New CRFM Logo for website updated

 

Belize City, Friday, 8 October 2021 (CRFM)—The Caribbean Regional Fisheries Mechanism (CRFM), an inter-governmental organization of the Caribbean Community (CARICOM), announced this week that several of its Member States in the CARICOM region had signed The International Declaration on Transnational Organized Crime in the Global Fishing Industry, also known as the ‘Copenhagen Declaration’.  The countries simultaneously affirmed their resolute support to combat Illegal, Unreported and Unregulated (IUU) Fishing and transnational organized crime in the fishing industry by supporting the Declaration and the Blue Justice Initiative. The Initiative will help to strengthen cooperation among countries and build capacity to address transnational organized crime in the global fishing industry and to combat IUU Fishing.

Speaking at a regional meeting of CARICOM Ministers responsible for Fisheries and Blue Economic Growth on Monday, 4 October 2021, Hon. Saboto S. Caesar, Chair of the CRFM Ministerial Council, and Minister of Agriculture, Forestry, Fisheries, Rural Transformation, Industry and Labor, Saint Vincent and the Grenadines, described the situation as “a very difficult problem,” adding that much needs to be done to tackle this growing threat that has been undermining the progress of the region.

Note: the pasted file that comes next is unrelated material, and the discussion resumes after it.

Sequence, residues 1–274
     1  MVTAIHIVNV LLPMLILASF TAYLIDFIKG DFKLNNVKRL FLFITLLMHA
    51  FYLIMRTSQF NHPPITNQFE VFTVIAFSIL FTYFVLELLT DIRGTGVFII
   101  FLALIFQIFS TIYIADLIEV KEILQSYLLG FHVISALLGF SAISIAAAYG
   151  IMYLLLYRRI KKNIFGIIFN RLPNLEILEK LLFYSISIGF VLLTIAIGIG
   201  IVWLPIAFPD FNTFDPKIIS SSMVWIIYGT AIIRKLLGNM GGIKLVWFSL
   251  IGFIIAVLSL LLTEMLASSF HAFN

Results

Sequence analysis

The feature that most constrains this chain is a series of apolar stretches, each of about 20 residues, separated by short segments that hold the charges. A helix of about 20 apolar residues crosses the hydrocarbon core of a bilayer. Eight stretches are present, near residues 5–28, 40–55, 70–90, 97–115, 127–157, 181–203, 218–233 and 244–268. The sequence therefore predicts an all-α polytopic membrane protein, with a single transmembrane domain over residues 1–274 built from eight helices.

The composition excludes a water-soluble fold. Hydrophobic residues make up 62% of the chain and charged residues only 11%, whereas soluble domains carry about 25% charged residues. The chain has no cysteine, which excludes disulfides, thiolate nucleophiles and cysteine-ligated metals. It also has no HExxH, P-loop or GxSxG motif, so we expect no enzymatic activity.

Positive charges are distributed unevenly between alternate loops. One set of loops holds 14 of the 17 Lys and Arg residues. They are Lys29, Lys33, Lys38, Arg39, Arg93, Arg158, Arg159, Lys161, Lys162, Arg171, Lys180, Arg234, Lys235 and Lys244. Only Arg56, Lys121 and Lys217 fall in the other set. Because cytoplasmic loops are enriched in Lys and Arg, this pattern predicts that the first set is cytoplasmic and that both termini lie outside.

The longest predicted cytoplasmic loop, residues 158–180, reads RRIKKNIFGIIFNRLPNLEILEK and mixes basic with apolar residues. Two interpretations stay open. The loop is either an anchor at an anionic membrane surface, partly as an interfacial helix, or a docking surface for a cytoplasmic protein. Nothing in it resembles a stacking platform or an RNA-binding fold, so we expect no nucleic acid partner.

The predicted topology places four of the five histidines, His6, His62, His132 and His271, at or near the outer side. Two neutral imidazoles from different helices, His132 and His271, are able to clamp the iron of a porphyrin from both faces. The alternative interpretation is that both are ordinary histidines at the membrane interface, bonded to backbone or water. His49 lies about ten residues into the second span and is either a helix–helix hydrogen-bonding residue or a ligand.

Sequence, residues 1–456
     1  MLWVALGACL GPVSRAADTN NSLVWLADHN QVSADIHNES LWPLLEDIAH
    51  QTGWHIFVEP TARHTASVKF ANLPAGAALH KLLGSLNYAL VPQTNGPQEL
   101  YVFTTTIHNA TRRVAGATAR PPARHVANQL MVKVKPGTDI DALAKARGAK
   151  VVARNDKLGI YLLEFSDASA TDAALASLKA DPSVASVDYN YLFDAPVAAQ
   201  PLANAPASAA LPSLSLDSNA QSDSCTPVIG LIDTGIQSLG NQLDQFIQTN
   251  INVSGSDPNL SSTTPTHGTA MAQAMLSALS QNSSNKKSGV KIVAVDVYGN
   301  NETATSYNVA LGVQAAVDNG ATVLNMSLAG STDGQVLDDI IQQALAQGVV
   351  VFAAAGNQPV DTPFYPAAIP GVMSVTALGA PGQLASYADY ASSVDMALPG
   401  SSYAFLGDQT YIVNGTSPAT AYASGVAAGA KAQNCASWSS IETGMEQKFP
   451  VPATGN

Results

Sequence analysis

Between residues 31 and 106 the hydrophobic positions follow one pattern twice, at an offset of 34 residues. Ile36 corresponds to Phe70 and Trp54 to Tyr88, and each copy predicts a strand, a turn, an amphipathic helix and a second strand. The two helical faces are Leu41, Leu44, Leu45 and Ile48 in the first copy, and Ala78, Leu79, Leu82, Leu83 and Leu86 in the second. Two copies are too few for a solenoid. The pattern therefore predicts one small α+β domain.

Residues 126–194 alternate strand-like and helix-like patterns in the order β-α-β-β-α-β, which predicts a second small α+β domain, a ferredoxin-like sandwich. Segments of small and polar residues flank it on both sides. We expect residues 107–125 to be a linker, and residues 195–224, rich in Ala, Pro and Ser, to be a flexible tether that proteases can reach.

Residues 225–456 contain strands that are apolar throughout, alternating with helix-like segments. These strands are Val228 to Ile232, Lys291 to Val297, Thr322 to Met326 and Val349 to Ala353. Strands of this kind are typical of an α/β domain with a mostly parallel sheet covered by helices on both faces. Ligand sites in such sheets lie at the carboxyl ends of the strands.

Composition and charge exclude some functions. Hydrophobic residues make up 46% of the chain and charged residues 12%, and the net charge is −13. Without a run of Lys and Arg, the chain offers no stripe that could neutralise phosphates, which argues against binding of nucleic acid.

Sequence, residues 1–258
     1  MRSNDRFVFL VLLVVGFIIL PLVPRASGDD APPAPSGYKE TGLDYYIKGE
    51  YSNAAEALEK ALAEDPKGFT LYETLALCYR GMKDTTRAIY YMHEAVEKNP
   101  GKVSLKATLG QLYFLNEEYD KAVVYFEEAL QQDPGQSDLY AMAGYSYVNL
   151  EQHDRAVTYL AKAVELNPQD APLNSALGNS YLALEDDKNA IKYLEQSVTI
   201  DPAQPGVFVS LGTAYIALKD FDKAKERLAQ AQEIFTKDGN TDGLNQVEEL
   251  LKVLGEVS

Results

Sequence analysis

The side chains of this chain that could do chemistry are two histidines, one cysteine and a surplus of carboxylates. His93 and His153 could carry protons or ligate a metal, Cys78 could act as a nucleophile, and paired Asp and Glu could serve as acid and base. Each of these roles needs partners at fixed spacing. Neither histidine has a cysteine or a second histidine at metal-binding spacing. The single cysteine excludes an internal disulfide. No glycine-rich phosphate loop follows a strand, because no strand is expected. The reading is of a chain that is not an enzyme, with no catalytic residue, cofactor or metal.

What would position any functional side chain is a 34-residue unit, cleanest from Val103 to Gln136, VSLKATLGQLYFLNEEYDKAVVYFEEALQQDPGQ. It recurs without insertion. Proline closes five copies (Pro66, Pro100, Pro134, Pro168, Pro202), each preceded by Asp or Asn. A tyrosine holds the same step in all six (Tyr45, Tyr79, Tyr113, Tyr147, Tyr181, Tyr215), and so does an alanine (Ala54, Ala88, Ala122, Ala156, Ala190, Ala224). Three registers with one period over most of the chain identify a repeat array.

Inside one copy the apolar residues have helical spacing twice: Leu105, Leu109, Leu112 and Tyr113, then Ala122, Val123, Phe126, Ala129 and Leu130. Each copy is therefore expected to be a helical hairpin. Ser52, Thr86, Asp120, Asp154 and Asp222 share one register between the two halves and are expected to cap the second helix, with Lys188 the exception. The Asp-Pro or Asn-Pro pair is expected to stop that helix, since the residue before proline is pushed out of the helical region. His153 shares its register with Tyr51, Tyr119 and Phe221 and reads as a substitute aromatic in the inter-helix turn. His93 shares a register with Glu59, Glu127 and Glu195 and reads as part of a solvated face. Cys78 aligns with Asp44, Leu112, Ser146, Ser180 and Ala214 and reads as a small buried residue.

Hon. Saboto Caesar hosts Ministerial meeting

Hon. Saboto Caesar hosts high-level Ministerial Meeting.

 

“Available data indicate that IUU fishing accounts for up to 30% of the total global catch, valued at several billions of US dollars…,” Minister Caesar said, adding that “There is a growing body of evidence showing that drug traffickers, human traffickers, small arms traffickers, and traders in contraband goods, among others, are using fishing as a cover to conduct their nefarious activities.”